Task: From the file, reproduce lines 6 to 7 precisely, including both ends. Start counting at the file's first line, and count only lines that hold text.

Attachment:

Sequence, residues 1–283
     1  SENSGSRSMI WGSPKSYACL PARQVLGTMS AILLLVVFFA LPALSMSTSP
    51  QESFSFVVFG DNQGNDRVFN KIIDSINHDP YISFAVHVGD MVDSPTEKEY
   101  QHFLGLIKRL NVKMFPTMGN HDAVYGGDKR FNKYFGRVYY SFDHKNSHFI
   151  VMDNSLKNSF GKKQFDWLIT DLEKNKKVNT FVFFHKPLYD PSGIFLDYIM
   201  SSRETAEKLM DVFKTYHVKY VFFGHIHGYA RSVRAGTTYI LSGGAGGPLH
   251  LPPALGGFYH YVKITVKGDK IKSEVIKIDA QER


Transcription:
   201  SSRETAEKLM DVFKTYHVKY VFFGHIHGYA RSVRAGTTYI LSGGAGGPLH
   251  LPPALGGFYH YVKITVKGDK IKSEVIKIDA QER